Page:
Modelling and simulation of radiotherapy

N.F. Kirkby

Research output: Contribution to journalArticlepeer-review


In this paper, models are described which have been developed to model both the way in which a population of cells respond to radiation and the way in which a population of patients respond to radiotherapy to assist the conduct of clinical trials in silico. Population balance techniques have been used to simulate the age distribution of tumour cells in the cell cycle. Sensitivity to radiation is not constant round the cell cycle and a single fraction of radiation changes the age distribution. Careful timing of further fractions of radiation can be used to maximize the damage delivered to the tumour while minimizing damage to normal tissue. However, tumour modelling does not necessarily predict patient outcome. A separate model has been established to predict the course of a brain cancer called glioblastoma multiforme (GBM). The model considers the growth of the tumour and its effect on the normal brain. A simple representation is included of the health status of the patient and hence the type of treatment offered. It is concluded that although these and similar models have a long way yet to be developed, they are beginning to have an impact on the development of clinical practice.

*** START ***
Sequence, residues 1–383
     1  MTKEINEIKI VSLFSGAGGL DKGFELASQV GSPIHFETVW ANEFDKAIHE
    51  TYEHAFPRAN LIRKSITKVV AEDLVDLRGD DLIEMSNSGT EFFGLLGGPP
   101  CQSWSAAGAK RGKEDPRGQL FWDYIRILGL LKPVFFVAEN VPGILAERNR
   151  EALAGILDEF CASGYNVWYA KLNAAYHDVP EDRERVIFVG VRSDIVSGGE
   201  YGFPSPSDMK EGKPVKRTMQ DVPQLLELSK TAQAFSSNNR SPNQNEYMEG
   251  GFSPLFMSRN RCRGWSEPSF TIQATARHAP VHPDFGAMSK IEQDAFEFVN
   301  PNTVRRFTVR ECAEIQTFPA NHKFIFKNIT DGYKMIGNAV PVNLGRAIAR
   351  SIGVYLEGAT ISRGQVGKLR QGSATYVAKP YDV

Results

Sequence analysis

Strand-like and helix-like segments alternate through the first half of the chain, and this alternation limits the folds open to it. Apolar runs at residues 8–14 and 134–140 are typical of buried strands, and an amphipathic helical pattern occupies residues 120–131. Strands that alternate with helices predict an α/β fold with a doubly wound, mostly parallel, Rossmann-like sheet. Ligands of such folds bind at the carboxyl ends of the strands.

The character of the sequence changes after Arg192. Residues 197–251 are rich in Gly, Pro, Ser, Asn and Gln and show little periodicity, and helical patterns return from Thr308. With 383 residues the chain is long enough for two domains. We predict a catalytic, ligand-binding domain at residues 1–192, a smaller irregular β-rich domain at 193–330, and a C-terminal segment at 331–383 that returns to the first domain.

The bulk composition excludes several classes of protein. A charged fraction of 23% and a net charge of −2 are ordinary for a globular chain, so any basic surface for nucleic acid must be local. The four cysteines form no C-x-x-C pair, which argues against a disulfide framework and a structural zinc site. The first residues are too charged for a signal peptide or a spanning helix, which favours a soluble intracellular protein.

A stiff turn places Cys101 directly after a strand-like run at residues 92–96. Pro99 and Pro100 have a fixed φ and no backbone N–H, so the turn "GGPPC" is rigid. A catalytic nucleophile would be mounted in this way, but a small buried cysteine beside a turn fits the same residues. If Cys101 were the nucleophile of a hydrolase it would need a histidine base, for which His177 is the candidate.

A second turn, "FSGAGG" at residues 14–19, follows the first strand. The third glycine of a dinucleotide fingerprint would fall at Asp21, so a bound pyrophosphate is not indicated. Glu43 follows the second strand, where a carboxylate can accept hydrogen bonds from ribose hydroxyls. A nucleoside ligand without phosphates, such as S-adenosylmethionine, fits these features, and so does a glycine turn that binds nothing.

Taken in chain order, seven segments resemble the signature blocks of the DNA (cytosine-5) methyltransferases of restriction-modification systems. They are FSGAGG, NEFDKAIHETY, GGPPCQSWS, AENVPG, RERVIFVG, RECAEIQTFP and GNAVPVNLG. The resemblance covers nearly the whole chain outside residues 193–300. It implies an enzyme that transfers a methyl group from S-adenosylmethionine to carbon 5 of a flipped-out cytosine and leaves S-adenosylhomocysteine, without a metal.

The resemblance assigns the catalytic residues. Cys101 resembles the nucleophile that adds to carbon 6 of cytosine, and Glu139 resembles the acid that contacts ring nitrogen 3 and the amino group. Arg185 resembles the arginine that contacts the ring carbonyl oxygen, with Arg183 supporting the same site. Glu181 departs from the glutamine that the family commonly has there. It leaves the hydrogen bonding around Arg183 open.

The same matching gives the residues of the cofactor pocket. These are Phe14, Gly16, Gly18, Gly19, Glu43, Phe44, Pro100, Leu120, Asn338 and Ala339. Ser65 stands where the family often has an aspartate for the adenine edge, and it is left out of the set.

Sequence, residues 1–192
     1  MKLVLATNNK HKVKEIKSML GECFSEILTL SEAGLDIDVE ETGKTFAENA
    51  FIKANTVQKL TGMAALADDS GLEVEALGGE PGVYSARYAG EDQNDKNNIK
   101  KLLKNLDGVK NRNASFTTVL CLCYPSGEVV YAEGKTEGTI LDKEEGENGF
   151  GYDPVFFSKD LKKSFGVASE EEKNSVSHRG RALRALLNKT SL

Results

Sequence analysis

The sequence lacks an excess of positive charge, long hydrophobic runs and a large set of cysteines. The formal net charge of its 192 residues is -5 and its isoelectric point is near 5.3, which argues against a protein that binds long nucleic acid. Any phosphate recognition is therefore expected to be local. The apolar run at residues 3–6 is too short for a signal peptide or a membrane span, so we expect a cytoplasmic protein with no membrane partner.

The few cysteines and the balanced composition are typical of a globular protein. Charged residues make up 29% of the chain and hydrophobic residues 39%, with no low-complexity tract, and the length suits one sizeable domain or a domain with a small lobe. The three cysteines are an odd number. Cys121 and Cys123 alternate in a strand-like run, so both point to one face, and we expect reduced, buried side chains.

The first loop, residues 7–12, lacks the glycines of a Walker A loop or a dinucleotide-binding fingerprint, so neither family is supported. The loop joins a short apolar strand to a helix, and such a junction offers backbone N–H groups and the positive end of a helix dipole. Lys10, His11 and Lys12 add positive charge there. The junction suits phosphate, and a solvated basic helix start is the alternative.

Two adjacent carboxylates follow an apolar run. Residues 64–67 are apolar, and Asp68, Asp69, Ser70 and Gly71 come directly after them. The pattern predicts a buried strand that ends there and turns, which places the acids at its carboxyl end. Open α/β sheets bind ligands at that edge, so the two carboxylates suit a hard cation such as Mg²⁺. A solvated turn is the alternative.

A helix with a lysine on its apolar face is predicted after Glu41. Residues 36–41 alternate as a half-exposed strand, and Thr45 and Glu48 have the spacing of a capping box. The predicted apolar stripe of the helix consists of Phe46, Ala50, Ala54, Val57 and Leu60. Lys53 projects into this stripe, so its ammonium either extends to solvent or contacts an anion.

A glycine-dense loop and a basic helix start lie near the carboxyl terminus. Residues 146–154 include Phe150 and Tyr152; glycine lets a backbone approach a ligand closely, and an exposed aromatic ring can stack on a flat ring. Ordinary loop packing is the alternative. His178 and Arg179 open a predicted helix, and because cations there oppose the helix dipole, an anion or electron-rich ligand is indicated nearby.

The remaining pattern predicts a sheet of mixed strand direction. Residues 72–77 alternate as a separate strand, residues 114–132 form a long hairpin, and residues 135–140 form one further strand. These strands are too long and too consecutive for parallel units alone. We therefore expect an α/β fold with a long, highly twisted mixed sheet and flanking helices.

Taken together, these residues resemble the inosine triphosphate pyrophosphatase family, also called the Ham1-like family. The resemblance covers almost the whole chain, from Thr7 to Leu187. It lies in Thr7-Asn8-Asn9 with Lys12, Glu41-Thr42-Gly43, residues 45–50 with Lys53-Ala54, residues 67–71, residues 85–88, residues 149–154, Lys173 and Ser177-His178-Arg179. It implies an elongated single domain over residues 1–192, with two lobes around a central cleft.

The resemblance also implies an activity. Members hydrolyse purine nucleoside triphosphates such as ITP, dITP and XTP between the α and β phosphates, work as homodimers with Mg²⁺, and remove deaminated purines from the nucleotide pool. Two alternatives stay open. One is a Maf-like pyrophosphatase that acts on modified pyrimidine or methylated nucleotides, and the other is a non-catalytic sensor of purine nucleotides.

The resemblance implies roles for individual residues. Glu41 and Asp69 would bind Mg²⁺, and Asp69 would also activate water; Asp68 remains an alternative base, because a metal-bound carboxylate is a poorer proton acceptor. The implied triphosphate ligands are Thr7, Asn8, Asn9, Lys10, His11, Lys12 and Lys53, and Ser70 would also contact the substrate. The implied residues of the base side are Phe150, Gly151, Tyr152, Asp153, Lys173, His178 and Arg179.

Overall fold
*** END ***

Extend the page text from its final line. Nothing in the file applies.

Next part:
Original languageEnglish
Pages (from-to)13-17
Number of pages5
JournalNuclear Instruments & Methods in Physics Research. Section B: Beam Interactions with Materials and Atoms
Issue number1
Publication statusPublished - 2007


  • Mathematical modelling
  • Brain cancer
  • Radiotherapy
  • Glioblastoma
  • Patient survival
  • Tumour growth

Research Beacons, Institutes and Platforms

  • Manchester Cancer Research Centre


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